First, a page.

ACO Biotechnology and Applications
Because ethylene plays a crucial role in many plant processes, including climacteric fruit ripening and senescence, excessive ethylene can lead to unwanted decay of plant-based food. Therefore, ethylene biosynthesis or signaling genes have been frequently targeted in biotechnological and transgenic approaches in order to increase the shelf life of plant-based food. Because ACO catalyzes the final step in the ethylene biosynthesis pathway, it is therefore an ideal candidate to target (instead of for example ACS or ethylene signaling components), because there are fewer risk of intervening in other pathways (e.g., ACC metabolism). Table 3 presents an exhaustive list, although probably not exclusive, of several transgenic applications controlling ethylene production at the level of ACO for important agricultural crops.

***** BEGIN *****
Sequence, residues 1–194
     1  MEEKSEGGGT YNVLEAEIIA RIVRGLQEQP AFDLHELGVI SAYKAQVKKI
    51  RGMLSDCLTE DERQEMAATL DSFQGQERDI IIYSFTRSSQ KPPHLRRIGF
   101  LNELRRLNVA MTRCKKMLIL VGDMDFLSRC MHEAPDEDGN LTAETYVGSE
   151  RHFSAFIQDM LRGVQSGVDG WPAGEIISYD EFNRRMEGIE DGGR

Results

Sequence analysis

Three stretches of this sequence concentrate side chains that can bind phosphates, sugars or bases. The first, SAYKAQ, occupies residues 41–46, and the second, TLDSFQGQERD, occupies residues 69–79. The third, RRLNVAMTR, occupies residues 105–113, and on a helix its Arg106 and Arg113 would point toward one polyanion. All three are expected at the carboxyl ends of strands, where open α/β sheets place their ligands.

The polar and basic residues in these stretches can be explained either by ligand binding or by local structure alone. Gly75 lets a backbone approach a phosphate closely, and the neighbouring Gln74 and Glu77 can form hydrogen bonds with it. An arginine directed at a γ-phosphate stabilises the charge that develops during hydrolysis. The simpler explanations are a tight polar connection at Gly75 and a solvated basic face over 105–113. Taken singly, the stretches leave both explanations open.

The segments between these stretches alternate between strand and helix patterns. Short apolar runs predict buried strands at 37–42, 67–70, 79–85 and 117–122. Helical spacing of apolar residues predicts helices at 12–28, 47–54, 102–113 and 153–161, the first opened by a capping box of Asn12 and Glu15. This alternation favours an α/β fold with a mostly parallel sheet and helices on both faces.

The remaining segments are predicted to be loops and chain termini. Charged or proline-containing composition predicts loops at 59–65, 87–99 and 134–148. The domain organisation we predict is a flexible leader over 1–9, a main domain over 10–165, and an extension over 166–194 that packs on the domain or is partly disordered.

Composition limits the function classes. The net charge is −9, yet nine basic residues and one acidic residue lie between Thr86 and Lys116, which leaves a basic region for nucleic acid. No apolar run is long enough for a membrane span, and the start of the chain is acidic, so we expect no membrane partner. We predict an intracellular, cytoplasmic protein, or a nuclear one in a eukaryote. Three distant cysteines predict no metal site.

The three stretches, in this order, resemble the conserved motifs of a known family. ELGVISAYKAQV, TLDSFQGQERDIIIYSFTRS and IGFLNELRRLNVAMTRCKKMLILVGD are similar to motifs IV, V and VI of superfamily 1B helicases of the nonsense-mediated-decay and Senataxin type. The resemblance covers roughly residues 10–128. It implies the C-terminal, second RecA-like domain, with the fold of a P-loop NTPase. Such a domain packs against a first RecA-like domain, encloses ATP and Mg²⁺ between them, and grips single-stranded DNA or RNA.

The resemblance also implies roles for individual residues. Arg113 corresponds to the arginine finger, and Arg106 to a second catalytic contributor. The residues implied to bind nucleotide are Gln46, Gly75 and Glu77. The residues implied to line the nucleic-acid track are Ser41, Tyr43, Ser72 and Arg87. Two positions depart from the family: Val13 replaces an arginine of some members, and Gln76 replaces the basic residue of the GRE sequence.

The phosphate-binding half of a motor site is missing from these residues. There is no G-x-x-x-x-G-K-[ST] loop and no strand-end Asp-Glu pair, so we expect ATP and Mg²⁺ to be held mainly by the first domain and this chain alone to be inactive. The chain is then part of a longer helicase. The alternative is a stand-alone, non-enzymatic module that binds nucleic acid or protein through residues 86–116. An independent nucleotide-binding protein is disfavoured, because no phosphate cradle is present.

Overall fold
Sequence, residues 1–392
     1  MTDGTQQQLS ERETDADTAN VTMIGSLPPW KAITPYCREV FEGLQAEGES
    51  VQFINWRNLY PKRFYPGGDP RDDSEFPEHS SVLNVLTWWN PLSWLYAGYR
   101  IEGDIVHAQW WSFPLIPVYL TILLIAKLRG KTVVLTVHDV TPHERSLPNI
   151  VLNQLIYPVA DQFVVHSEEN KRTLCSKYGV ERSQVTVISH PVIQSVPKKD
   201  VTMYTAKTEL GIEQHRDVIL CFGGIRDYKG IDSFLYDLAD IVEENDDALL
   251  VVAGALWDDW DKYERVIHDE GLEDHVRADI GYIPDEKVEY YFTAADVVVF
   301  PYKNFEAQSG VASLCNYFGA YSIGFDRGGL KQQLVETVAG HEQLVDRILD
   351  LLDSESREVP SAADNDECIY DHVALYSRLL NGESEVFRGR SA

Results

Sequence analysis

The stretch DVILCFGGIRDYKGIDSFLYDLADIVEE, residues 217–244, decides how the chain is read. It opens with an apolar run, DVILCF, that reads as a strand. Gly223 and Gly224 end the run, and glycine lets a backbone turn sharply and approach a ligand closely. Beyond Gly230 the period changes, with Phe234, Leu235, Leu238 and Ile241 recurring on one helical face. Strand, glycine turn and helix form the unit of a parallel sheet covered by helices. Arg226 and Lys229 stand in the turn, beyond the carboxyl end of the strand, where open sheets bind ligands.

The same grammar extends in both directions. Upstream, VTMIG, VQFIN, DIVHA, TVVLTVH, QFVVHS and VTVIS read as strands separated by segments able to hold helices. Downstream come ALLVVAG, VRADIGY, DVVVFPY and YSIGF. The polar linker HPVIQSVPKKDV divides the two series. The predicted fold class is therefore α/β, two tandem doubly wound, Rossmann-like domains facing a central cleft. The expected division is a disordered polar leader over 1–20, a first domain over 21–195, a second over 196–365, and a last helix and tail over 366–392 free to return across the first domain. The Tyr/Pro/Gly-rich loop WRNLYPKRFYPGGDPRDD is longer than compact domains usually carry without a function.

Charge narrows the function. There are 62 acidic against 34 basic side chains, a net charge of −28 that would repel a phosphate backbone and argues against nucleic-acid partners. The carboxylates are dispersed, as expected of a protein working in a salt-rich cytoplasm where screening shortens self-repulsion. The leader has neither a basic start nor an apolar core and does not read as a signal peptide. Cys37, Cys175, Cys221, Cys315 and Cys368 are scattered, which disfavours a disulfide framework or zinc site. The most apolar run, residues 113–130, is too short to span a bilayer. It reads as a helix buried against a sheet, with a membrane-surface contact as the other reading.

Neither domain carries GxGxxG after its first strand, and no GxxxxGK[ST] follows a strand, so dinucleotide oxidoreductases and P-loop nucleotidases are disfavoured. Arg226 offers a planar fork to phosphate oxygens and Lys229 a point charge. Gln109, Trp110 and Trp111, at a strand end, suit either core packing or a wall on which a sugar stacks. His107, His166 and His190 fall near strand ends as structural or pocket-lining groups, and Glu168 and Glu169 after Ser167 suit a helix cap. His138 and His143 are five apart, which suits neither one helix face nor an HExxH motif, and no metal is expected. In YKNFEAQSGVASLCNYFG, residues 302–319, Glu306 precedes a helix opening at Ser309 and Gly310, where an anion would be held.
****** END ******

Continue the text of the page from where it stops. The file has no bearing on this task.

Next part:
One of the most rewarding applications of ACO-directed biotechnology in plants is the reduction of ethylene production during ripening and postharvest storage of climacteric fruit. ACO has been targeted using various antisense RNAi techniques to downregulate its expression and consequently decrease ethylene production, resulting in control over fruit ripening and postharvest storage. Table 3 shows that this approach was successfully implemented for a wide variety of fruits: apple, lemon, kiwi, melon, papaya, pear, and tomato (Hamilton et al., 1990; Picton et al., 1993; English et al., 1995; Ayub et al., 1996; Guis et al., 1997; Bauchot et al., 1998; Ben-Amor et al., 1999; Dandekar et al., 2004; Silva et al., 2004; Xiong et al., 2005; Nuñez-Palenius et al., 2006; Gao et al., 2007; Lin et al., 2008; López-Gómez et al., 2009; Batra et al., 2010; Atkinson et al., 2011; Sekeli et al., 2014; Zhang et al., 2016). In all these studies, fruit ripening was delayed and shelf-life was prolonged. A similar approach has also been used to prolong the shelf life of vegetative tissue of vegetables, such as for example broccoli (Henzi et al., 1999; Gapper et al., 2005).